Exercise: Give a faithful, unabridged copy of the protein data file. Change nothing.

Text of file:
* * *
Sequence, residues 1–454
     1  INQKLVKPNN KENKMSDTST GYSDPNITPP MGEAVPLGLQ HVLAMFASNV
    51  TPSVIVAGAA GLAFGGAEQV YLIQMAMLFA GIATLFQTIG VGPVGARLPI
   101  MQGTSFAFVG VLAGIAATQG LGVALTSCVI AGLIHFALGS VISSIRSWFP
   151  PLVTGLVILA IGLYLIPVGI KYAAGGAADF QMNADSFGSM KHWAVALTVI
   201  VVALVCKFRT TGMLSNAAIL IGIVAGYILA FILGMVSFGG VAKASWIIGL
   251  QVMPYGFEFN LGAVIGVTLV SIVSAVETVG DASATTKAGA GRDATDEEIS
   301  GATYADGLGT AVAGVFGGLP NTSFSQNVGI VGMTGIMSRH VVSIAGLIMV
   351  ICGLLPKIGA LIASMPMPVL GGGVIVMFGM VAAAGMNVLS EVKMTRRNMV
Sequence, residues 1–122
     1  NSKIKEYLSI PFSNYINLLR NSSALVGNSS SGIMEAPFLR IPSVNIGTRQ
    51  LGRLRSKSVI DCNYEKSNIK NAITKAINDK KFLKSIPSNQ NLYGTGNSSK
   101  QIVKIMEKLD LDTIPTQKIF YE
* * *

Sequence, residues 1–454
     1  INQKLVKPNN KENKMSDTST GYSDPNITPP MGEAVPLGLQ HVLAMFASNV
    51  TPSVIVAGAA GLAFGGAEQV YLIQMAMLFA GIATLFQTIG VGPVGARLPI
   101  MQGTSFAFVG VLAGIAATQG LGVALTSCVI AGLIHFALGS VISSIRSWFP
   151  PLVTGLVILA IGLYLIPVGI KYAAGGAADF QMNADSFGSM KHWAVALTVI
   201  VVALVCKFRT TGMLSNAAIL IGIVAGYILA FILGMVSFGG VAKASWIIGL
   251  QVMPYGFEFN LGAVIGVTLV SIVSAVETVG DASATTKAGA GRDATDEEIS
   301  GATYADGLGT AVAGVFGGLP NTSFSQNVGI VGMTGIMSRH VVSIAGLIMV
   351  ICGLLPKIGA LIASMPMPVL GGGVIVMFGM VAAAGMNVLS EVKMTRRNMV
Sequence, residues 1–122
     1  NSKIKEYLSI PFSNYINLLR NSSALVGNSS SGIMEAPFLR IPSVNIGTRQ
    51  LGRLRSKSVI DCNYEKSNIK NAITKAINDK KFLKSIPSNQ NLYGTGNSSK
   101  QIVKIMEKLD LDTIPTQKIF YE